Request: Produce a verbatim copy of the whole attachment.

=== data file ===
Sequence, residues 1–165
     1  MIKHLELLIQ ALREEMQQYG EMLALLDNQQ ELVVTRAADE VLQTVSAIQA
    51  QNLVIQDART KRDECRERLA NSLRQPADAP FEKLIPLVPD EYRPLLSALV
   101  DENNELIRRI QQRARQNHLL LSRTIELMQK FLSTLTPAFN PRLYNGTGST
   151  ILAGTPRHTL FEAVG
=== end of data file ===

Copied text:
Sequence, residues 1–165
     1  MIKHLELLIQ ALREEMQQYG EMLALLDNQQ ELVVTRAADE VLQTVSAIQA
    51  QNLVIQDART KRDECRERLA NSLRQPADAP FEKLIPLVPD EYRPLLSALV
   101  DENNELIRRI QQRARQNHLL LSRTIELMQK FLSTLTPAFN PRLYNGTGST
   151  ILAGTPRHTL FEAVG